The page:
10 Web Design Principles Which Every Developer

Close-up image of programmer working at his desk in office

In the past few years, I’ve taught a class focused on basic visual design techniques designed for developers. Similar to everything else online I’ve seen a wide range of design expertise and enthusiasm from students who have taken my course, as those developers I’ve collaborated with.10 Web Design Principles Which Every Developer. This list was created to be a brief list of the ideas I’d like developers that I am working with to comprehend about design. It’s intended to guide developers in the right direction and serve as a way to begin thinking about and talking about design.

1. Design isn’t only visual

It’s not just about the appearance and the character that lies underneath. Design, for some reason, is viewed as only the visual aspect of a website. It’s not true or wrongly understood. Design encompasses all aspects of the experience beginning from the moment visitors arrive on your site until after they’ve gone.

Design is the process of determining the ‘how’ and the ‘why’ that people would like to visit the site as well as how fast your website loads; the interactions with hovering, clicking, and even touch as well as the speed of delivering new features and contents. These are all elements of the concept of design.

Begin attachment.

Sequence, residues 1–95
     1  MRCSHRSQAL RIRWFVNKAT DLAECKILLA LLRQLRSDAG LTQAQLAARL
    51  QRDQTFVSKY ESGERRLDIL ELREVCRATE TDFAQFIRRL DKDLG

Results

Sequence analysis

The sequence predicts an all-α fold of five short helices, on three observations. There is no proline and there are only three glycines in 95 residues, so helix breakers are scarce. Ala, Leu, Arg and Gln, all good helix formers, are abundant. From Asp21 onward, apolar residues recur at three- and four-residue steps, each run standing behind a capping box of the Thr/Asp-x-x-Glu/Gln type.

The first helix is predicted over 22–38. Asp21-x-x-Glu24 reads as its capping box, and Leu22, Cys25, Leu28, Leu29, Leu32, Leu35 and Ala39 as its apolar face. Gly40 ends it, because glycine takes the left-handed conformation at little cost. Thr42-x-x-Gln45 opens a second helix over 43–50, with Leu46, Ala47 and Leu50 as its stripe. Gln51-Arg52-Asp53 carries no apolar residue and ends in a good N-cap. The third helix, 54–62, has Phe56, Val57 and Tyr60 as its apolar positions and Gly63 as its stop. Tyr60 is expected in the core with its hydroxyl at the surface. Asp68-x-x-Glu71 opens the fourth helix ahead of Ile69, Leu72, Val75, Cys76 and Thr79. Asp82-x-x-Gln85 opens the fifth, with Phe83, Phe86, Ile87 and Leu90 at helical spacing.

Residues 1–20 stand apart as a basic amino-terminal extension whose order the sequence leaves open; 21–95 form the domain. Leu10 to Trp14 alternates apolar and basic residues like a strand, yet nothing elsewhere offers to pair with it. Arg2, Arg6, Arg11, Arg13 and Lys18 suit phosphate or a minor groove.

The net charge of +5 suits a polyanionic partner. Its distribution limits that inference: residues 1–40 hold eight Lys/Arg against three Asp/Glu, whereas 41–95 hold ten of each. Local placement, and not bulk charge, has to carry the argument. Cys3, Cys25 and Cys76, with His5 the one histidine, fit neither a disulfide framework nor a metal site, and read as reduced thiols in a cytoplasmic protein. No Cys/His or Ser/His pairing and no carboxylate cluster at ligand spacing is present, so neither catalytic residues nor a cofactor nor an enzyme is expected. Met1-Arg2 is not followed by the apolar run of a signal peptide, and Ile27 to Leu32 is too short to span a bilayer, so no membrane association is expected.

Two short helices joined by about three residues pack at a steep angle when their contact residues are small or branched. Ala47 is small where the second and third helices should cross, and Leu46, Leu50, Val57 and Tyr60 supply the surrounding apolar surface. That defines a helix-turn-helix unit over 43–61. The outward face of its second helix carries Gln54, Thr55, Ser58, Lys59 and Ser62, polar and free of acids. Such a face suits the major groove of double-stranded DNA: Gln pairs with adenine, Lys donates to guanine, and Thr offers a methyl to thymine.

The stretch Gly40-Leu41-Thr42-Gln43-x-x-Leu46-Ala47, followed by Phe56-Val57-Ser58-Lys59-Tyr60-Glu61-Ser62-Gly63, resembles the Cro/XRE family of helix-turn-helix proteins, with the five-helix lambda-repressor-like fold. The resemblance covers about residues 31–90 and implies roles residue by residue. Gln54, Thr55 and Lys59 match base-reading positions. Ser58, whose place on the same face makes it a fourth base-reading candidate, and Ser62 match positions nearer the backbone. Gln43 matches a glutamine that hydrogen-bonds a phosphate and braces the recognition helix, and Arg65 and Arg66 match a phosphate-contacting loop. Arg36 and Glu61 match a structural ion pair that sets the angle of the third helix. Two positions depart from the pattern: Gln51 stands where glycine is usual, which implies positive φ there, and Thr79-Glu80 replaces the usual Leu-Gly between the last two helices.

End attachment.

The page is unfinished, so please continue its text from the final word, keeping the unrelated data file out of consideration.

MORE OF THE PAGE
Since design encompasses more than visuals and can affect the whole experience, every person working on a project can be an artist. Every team member who seeks to understand the way that users interact with the website is an expert in design. The front end, back end, and project management must all be looking at the design.

2. Be user-focused

The needs of the users must always be the main focus of any decision regarding your app or website. The design should help your users to achieve their goals quickly, with efficiency and, perhaps the most important thing, joy.